A better (although more expensive) solution, is a coffee maker with a timer and a built-in grinder that automatically fills the filter basket. This gets around the whole grinding the night before the problem in the first place. The whole beans sit in the hopper on top of the machine. This is closed off so the beans stay fresh. You can set a timer at which time the machine grinds the beans and brews the coffee so it’s ready a few minutes later.

The downside of this is that you have to keep the machine on standby which uses a little bit of electricity. Also, these all-in-one machines need quite a lot of cleaning and because they fill the filter basket automatically, some places can be hard to reach.

Quiet electric grinder

An electric grinder makes pretty short work of the beans with very little effort. Hand grinding can be a bit of a pain in the morning but an electric grinder just takes the push of a button. It’ll grind enough coffee for your cup in a few seconds and is barely an extra effort over pre-ground coffee.

You might not want to weigh out enough beans for your morning coffee. You can do this the evening before. Put enough beans in the grinder and close the hopper. Most electric grinders have hoppers that are pretty airtight so not much taste is lost there. In the morning you just push the button and you know you’ve got enough coffee.

The only drawback of electric grinders is that some can be quite noisy. This can be a bit irritating in the morning. In general, higher-end grinders are quieter because they use better/stronger motors. A stronger motor needs to spin less fast to have the power to grind through the beans and is therefore quieter. Higher-quality motors will be quieter as well.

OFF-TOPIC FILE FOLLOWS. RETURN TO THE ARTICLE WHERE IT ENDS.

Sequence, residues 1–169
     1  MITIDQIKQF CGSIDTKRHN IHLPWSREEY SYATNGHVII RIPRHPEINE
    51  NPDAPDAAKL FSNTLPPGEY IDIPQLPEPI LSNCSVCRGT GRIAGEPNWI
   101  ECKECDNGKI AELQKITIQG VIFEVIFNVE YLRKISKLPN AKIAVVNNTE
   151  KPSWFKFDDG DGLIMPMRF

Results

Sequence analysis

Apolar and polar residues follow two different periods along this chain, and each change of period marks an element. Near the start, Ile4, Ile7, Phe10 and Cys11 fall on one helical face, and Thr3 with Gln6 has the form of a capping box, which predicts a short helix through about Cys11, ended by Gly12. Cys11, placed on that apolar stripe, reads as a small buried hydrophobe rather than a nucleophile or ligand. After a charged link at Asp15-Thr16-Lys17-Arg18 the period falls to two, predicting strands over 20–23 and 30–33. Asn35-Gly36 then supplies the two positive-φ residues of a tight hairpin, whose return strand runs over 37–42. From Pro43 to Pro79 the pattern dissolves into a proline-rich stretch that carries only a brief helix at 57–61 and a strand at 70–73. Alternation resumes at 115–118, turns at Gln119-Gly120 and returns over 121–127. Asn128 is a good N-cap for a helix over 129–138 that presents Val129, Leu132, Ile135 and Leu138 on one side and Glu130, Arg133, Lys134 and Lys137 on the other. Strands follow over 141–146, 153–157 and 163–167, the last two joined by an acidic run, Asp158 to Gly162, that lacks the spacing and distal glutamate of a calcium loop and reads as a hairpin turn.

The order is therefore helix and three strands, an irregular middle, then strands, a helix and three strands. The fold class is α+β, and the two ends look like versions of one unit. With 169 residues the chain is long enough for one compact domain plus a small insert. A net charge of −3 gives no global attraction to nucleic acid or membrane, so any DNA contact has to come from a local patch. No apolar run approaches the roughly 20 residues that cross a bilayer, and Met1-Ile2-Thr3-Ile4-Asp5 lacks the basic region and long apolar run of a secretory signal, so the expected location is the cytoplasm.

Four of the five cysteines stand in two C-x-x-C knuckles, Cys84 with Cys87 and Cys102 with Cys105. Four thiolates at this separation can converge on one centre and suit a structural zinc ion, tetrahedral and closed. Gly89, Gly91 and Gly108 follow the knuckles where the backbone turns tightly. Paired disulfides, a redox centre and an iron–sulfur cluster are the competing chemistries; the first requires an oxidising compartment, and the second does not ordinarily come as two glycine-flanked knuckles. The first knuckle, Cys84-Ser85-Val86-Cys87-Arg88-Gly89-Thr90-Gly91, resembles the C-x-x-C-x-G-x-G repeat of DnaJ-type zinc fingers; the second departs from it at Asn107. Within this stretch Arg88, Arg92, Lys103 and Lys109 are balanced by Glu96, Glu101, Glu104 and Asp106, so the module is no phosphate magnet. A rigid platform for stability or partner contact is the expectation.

Hand grinders don’t have a motor and you get a higher quality grinder for less money than an electric one but you have to do the work yourself. Check out what a hand grinder costs here.

Beans in the hopper of an electric coffee grinder.

Cold brew

Another option is to prepare some cold brew the night before. Cold brew has a brighter, smoother taste that is great on a hot day. Cold brew is brewed by putting coarsely ground coffee in a jug of (cold/room temp) water and letting it hang out for hours. You can brew it in the fridge for up to 24 hours but if you want to prepare it the night before, it’s better to leave it outside of the fridge. In that case, 8-12 hours is enough. So if you prepare it before you go to bed or after dinner, you’ll have coffee the moment you wake up.

Just put the grounds in a container and add water. After that, leave it on the counter or put it in the fridge. Just make sure it’s closed airtight. If you don’t have a container that can be closed airtight, some Clingfilm will do the trick.

Most people drink cold brew served over ice so it’ll be cold. You can warm up cold brew by adding hot water but in my opinion, served over ice is better. As said, cold brew tastes much milder and smoother. There is almost no bitterness.

Don’t be fooled into thinking the light taste means there is not a lot of caffeine in cold brew. Cold brew actually has some of the highest amounts of caffeine per serving. Caffeine dissolves in water quite easily so cold brewing with its long steep time extracts all the caffeine the grounds have to give. The really bitter compounds in coffee (the taste most people associate with ‘strong’ coffee) come out last and need hot water to dissolve which is why cold brew is much less bitter than hot brewed coffee.


Welcome to CoffeeImproved! Since falling in love with coffee, I've been on a journey to improve my morning cup day by day. That means I've tried many different brew methods, beans and equipment and experimented with all of them to find what I like. This is where I share what I've learned with you.